Any reasoned analysis of the issues presented on appeal must begin with the Supreme Court's opinion in Steagald v. United States, 451 U.S. 204, 68 L. Ed. 2d 38, 101 S. Ct. 1642 (1981). There, federal agents, following a tip from a confidential informant, used a telephone number to locate an address where a fugitive (Lyons) was reported to be staying. Two days later, with an arrest warrant for Lyons in hand (but no search warrant), the agents went to the locus. They encountered Steagald and another man in front of the building, frisked them, and determined that neither man was Lyons. The agents thereupon entered the building (Steagald's home) and searched it without consent. The fugitive was not found, but drugs were spotted. Steagald was charged in connection with possession of the contraband. Id. at 206-07. The Court held that the search violated defendant's fourth amendment rights. Id. at 216. The evidence was, therefore, suppressed.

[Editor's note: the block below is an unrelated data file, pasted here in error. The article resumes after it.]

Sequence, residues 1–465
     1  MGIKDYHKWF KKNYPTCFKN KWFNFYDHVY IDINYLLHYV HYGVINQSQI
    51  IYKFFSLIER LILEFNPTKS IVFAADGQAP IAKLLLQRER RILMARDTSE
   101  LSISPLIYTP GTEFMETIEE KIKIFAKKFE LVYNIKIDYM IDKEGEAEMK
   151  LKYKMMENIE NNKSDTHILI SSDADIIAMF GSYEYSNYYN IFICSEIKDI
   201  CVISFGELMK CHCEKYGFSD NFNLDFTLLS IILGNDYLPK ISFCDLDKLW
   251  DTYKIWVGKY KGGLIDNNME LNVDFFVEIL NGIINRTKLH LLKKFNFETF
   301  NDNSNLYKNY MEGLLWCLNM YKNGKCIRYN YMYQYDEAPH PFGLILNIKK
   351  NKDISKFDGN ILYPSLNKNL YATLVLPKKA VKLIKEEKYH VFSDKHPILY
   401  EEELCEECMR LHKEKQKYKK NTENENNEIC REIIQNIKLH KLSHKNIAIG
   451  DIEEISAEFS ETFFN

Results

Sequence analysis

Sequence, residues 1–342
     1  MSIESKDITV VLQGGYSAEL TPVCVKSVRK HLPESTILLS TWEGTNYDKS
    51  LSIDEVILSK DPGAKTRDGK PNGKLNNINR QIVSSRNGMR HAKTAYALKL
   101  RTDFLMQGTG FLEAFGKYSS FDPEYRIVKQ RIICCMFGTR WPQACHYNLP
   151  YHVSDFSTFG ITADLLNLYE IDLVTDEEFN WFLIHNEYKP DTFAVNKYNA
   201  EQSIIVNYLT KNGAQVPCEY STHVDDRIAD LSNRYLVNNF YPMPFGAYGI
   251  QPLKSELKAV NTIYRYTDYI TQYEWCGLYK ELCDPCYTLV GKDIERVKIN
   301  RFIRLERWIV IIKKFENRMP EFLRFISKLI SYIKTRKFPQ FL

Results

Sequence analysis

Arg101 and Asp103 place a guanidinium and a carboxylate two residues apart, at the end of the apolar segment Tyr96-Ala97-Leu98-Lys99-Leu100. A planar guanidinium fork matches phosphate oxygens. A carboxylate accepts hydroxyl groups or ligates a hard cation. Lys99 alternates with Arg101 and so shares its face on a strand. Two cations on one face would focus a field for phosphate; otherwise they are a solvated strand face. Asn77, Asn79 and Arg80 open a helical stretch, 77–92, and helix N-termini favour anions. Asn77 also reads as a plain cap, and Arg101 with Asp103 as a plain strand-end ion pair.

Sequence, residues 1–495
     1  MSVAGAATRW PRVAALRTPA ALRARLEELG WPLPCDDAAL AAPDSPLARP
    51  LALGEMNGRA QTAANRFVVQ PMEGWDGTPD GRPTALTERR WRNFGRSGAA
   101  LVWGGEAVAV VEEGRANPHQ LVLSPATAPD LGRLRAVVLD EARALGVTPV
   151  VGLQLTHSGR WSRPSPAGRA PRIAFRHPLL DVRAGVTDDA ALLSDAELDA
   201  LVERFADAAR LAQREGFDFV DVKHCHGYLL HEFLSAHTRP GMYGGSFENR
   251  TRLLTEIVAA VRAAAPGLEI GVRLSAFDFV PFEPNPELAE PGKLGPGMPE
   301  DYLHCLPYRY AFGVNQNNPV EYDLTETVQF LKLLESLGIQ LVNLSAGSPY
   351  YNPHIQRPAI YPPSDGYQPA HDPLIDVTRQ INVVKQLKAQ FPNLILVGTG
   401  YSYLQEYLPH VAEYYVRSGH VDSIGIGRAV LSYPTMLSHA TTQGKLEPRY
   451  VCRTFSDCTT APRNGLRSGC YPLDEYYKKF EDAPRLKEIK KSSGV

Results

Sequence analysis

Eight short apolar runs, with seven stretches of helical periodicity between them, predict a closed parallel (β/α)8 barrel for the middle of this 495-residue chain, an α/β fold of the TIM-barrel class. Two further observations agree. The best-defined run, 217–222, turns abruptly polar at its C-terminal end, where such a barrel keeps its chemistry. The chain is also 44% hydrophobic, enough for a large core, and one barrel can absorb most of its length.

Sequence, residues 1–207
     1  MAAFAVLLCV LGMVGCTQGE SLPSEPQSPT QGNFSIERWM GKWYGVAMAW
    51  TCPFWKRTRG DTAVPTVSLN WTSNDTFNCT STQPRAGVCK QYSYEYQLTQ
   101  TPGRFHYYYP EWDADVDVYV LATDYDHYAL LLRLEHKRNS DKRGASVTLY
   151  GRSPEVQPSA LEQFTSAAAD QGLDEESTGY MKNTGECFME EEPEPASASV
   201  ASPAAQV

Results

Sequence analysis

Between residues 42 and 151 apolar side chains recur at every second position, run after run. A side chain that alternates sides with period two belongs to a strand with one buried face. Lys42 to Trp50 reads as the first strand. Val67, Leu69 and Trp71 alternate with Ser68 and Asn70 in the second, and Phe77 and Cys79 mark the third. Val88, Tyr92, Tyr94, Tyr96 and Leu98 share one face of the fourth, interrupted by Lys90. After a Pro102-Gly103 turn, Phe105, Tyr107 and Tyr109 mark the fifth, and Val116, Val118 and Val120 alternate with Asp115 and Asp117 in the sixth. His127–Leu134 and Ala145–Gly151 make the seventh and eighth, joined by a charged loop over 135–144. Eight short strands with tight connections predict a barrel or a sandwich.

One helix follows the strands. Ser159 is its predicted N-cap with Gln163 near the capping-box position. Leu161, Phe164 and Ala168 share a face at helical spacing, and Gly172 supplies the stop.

In Steagald, the Court ruled that obtaining an arrest warrant for A was not sufficient to authorize B's home to be entered and searched in the course of effecting A's apprehension. In other words, the arrest warrant was inadequate protection for the privacy rights of a resident not named therein. 451 U.S. at 213. The Court deemed the intervention of a neutral judicial officer absolutely necessary to guard against "a significant potential for abuse." Id. at 215. Absent such a requirement, "armed solely with an arrest warrant for a single person, the police could search all the homes of that individual's friends and acquaintances." Id. Thus, apart from consent or exigent circumstances, Steagald requires a search warrant before one's home can be searched for a third person who is the subject of an arrest warrant. Id. at 213-14.